A perfect storm seems to have formed around the crude oil market, causing recent prices to skyrocket over $55.00/barrel several times. Let’s look at the forces that have come together to cause these elevated high prices for crude:
The US Dollar
The dollar is the standard currency used to pay for oil in the world markets. As the dollar has continued to weaken in value (by 8% since December) against the EURO and other currencies, sellers want more dollars to hedge against the loss in value.
Demand remains very strong, even though many oil brokers maintain that there is no shortage of oil anywhere in the world. Yet OPEC continues to pump two million barrels per day over their agreed limit of 27.5 million BPD, and is very close to reaching their full pumping capacity. In fact the only OPEC country that has the capability of increasing their daily output is Saudi Arabia. In the US, inventories of heating oil remain below normal levels even after the heating season has passed. This is helping to keep the price of distillates (heating oil & diesel) higher than normal.
OPEC has already announced that they will not attempt to raise production any further. OPEC controls about 40% of global petroleum production. OPEC will want to avoid a glut of oil at all costs as this would cause the price of oil to fall rapidly and it would take many months of reduced production to correct for an oil glut. As a result, oil brokers are concerned that at some point OPEC may actually seek to reduce production to maintain prices. One oil speculator commented that crude will probably hit $60.00/barrel before prices may begin to fall.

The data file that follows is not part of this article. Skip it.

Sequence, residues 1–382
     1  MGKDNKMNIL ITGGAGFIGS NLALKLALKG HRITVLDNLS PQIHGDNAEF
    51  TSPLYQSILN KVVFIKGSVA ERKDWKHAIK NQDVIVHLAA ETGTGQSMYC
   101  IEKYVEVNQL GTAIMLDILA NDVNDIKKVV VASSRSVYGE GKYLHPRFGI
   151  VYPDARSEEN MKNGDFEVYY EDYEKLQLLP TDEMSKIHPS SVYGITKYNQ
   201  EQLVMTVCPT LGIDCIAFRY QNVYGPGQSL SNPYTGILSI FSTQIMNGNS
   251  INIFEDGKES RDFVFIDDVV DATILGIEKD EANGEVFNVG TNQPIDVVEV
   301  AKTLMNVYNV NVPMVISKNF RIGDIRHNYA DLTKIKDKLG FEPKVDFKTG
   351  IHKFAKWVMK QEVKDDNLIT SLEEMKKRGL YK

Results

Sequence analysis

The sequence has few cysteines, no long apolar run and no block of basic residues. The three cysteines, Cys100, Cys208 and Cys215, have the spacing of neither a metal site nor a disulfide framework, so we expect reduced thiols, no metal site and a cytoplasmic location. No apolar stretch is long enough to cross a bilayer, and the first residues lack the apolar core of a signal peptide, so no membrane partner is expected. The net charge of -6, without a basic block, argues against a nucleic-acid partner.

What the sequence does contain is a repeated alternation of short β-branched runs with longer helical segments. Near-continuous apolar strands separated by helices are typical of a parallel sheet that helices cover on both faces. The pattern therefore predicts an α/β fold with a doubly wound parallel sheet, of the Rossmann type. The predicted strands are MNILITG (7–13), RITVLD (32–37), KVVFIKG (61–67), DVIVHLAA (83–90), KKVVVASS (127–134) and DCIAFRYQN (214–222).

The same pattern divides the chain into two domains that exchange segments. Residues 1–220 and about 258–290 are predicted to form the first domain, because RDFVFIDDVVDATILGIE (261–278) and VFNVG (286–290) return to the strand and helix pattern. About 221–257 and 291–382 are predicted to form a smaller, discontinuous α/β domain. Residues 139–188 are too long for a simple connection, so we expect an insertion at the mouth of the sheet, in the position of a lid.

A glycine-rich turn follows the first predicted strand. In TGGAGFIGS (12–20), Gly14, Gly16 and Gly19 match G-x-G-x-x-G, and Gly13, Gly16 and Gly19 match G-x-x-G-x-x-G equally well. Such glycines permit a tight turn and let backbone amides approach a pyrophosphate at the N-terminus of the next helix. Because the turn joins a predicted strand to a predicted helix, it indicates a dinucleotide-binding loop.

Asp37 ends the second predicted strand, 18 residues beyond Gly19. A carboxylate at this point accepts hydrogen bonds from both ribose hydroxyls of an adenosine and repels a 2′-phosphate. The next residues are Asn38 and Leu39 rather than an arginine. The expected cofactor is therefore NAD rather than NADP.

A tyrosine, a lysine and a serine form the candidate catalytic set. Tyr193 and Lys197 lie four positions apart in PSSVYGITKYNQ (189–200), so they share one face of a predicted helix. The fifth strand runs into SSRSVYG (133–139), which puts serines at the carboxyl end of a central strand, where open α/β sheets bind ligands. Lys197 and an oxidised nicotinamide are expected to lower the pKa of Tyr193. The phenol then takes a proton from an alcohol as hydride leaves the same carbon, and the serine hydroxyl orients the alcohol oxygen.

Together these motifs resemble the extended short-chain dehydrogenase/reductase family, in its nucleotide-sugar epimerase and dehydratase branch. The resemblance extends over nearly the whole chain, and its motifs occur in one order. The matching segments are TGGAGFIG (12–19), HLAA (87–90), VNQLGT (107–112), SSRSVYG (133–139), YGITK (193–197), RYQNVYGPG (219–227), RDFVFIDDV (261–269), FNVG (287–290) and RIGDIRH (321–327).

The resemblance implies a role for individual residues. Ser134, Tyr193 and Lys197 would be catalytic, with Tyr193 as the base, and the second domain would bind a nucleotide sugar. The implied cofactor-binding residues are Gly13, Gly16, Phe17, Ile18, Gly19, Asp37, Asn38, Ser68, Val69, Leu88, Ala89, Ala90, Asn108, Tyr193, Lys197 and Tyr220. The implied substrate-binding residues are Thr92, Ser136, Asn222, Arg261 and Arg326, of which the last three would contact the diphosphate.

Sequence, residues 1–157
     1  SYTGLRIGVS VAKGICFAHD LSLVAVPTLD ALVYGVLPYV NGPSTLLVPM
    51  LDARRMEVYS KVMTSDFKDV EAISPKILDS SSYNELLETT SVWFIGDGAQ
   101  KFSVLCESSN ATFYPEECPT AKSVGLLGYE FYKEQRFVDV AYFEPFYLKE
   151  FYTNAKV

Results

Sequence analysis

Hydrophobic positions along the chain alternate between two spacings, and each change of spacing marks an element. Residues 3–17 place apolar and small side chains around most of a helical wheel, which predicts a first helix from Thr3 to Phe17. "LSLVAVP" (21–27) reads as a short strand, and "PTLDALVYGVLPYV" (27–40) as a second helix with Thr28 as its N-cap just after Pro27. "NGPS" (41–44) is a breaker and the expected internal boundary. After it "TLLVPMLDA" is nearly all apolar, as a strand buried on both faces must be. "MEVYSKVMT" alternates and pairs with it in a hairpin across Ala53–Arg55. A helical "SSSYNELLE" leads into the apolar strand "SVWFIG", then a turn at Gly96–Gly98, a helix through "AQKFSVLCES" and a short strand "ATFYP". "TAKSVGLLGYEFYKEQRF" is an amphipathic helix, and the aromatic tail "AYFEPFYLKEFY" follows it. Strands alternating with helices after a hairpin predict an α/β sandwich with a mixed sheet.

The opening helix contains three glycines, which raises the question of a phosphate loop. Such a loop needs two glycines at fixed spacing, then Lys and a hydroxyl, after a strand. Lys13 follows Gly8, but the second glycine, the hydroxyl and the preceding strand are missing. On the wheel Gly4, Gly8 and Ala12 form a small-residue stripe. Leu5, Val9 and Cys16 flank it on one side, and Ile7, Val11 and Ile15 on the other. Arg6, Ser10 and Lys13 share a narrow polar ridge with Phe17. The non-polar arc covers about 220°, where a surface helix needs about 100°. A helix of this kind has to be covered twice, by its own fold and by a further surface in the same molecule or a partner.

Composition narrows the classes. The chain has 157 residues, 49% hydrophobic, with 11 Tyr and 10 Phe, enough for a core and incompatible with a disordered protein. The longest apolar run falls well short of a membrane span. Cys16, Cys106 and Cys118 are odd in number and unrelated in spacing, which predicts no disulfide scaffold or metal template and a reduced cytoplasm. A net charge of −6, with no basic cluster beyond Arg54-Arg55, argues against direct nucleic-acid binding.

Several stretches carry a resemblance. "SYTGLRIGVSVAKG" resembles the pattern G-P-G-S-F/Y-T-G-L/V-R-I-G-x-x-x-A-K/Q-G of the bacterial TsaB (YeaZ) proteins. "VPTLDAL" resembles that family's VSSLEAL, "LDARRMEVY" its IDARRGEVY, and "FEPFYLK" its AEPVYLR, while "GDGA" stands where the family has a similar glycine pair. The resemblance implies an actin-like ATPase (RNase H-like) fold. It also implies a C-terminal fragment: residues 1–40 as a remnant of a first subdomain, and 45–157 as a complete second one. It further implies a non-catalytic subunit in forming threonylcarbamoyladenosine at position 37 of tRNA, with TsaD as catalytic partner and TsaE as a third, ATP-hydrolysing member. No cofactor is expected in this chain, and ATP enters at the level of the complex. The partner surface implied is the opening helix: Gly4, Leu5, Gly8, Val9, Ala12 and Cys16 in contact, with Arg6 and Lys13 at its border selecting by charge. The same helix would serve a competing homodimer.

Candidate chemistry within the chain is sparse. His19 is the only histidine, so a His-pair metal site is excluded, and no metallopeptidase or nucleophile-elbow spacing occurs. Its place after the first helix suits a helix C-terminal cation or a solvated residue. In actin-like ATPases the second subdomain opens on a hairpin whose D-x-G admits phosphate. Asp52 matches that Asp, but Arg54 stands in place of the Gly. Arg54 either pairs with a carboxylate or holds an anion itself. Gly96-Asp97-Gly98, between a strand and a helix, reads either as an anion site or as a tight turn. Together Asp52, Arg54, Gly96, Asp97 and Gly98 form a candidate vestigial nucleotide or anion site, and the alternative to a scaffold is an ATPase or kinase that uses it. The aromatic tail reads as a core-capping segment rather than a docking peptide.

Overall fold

U.S. Refinery Output
U.S. refineries were operating at about 89% capacity in the last few weeks, down from the 96% level they had been at previously. A Houston, TX refinery capable of processing 265,000 BPD was down for repairs and a fire at a BP refinery in northwest Indiana has raised concerns among oil brokers, even though BP claims the fire has not reduced the refinery’s output. In the last few weeks refinery output has crept back up but production has been centered on distillates in order to increase inventories.
Middle East Politics
Iran has warned the US that an attack upon Iran would cause that nation to retaliate against the middle east oil industry. Since 40% of the world’s crude oil must pass by tanker through the two mile wide Strait of Hormuz which Iran can effectively control, they could easily block the Strait if they wanted to. An Iranian politician was quoted as claiming that any military action against Iran will send crude prices over $70/barrel.
President Bush has resisted calls from consumer groups that he open up the strategic petroleum reserve which would reduce fuel prices in the US. Instead the President is calling for opening of the Alaska Wildlife Refuge (ANWR) to oil exploration and drilling and to resume construction of nuclear power plants. In a recent speech he quoted Dept. of Interior statistics which claim that 10 billion barrels of oil can be pumped from a portion of the ANWR targeted for oil exploration.